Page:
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History

Updated April 3, 2014
 

 

A Thumbnail Sketch | Presidents | Gulf Coast | African-American History | Prominent Buildings and Features | Resilence

 How it all Began
 Overview
How it all Began
Champions of Mississippi Normal College began their fight for the creation of a normal college in 1877. Finally, in 1906, the first normal college bill was introduced but died in the hostile House Education Committee. After a second normal college bill died in 1908, State Superintendent of Education J.N. Powers turned to T.P. Scott, then head of Brookhaven city schools and an active member of the Mississippi Teachers Association (MTA), to organize a campaign in support of a third bill, House Bill 204, which Rep. Marshall McCullough intended to introduce in 1910. The ensuing battle for Mississippi Normal College was described by the Jackson Daily News as "one of the greatest legislative fights of the decade."
Since 1901, Scott had been sending an endless stream of mimeographed letters to county superintendents of education and newspaper editors throughout the state, asking for their support for the MTA and for the general interest of education in Mississippi. In 1908, he focused his efforts on the enemies of Bill 203, who soon found themselves besieged with letters, phone calls, telegrams and editorials from all parts of Mississippi, urging establishment of the normal college. Eventually, the statewide interest caused by all of the publicity helped "crystallize sentiment in the membership of the House," Scott later wrote.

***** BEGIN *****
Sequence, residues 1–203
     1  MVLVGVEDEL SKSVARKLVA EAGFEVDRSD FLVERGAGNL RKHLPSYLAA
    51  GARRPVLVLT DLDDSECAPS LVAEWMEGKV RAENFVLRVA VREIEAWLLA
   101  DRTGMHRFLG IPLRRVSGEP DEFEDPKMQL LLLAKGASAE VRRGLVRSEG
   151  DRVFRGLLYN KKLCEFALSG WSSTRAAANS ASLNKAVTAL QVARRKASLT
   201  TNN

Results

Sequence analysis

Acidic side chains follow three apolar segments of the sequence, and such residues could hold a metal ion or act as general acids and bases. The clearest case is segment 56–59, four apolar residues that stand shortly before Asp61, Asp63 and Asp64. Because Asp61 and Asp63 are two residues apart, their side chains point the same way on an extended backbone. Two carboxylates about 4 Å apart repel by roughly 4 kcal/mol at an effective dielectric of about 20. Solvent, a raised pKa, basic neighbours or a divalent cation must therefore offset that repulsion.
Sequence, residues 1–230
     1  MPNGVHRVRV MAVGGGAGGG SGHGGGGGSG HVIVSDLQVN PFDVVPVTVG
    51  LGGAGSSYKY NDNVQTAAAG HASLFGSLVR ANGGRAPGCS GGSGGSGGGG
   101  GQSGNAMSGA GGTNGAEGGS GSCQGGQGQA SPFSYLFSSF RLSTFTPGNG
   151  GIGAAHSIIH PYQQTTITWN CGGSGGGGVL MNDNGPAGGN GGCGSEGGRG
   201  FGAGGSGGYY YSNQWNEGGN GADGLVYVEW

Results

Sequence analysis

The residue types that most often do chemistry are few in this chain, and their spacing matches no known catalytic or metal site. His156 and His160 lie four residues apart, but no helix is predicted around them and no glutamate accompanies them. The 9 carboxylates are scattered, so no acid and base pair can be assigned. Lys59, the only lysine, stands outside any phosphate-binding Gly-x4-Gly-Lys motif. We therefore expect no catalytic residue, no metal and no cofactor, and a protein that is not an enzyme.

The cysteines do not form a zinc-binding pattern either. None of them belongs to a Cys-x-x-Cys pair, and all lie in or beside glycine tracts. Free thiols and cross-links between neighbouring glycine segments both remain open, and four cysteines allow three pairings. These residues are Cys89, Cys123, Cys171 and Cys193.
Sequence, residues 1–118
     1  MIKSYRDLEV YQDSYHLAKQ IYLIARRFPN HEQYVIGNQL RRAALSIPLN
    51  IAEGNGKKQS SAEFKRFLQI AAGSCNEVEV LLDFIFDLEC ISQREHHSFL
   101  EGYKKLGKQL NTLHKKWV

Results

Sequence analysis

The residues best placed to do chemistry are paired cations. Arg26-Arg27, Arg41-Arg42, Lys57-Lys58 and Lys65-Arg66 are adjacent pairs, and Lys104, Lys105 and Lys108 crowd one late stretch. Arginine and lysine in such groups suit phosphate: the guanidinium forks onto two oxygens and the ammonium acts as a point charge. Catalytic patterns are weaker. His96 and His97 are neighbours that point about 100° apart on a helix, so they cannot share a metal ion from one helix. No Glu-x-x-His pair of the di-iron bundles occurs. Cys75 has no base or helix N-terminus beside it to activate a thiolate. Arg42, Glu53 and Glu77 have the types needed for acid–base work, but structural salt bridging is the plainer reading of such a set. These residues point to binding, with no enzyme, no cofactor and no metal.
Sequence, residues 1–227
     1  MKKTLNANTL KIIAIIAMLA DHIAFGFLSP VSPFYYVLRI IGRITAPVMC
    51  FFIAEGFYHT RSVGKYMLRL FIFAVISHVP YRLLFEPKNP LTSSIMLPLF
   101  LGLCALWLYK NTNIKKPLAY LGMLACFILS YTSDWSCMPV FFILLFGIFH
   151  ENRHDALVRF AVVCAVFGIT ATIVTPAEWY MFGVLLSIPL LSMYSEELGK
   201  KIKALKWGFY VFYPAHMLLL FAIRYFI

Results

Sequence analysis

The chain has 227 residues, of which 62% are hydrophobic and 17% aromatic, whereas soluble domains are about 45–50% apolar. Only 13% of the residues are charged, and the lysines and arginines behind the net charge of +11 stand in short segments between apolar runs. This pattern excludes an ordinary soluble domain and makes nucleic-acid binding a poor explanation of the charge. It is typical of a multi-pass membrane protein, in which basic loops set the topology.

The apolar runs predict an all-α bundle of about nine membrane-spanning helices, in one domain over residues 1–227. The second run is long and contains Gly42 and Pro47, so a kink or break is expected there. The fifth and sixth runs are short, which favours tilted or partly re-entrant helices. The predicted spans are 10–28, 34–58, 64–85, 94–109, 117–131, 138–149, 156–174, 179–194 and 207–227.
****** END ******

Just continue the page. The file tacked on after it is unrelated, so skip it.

When the time came for the bill to be introduced to the House, Speaker H.M. Street asked the Honorable A.C. Anderson of Ripley, an enthusiastic supporter of the measure, to take his place while he smoked his afternoon cigar in the cloakroom. Anderson had no sooner taken the gavel than McCullough called up the normal college bill. After a number of pro and con speeches and the adoption of an amendment striking out the word "state" and the appropriation clause from the bill, the measure was passed by a vote of 59 yeas and 39 nays. The Senate promptly passed the bill for establishment of the college, and it was signed by Gov. Edmund Noel and became law on March 30, 1910.

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